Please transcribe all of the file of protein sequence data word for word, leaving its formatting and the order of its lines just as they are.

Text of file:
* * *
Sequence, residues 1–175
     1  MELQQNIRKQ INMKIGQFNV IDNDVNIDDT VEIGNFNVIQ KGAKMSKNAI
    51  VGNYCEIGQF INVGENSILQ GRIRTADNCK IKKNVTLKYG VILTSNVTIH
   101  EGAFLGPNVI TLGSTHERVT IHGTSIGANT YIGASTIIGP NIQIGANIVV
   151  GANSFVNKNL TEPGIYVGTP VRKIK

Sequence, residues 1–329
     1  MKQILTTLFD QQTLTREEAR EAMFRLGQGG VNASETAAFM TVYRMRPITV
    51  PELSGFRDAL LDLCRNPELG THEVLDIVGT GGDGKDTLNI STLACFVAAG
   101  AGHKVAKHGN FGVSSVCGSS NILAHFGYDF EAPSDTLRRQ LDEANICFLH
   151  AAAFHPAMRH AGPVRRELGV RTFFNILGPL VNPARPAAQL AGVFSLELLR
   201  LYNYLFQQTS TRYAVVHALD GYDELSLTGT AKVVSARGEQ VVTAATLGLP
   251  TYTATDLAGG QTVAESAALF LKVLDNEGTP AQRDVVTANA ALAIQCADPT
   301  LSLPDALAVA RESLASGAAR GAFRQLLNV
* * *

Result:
Sequence, residues 1–175
     1  MELQQNIRKQ INMKIGQFNV IDNDVNIDDT VEIGNFNVIQ KGAKMSKNAI
    51  VGNYCEIGQF INVGENSILQ GRIRTADNCK IKKNVTLKYG VILTSNVTIH
   101  EGAFLGPNVI TLGSTHERVT IHGTSIGANT YIGASTIIGP NIQIGANIVV
   151  GANSFVNKNL TEPGIYVGTP VRKIK

Sequence, residues 1–329
     1  MKQILTTLFD QQTLTREEAR EAMFRLGQGG VNASETAAFM TVYRMRPITV
    51  PELSGFRDAL LDLCRNPELG THEVLDIVGT GGDGKDTLNI STLACFVAAG
   101  AGHKVAKHGN FGVSSVCGSS NILAHFGYDF EAPSDTLRRQ LDEANICFLH
   151  AAAFHPAMRH AGPVRRELGV RTFFNILGPL VNPARPAAQL AGVFSLELLR
   201  LYNYLFQQTS TRYAVVHALD GYDELSLTGT AKVVSARGEQ VVTAATLGLP
   251  TYTATDLAGG QTVAESAALF LKVLDNEGTP AQRDVVTANA ALAIQCADPT
   301  LSLPDALAVA RESLASGAAR GAFRQLLNV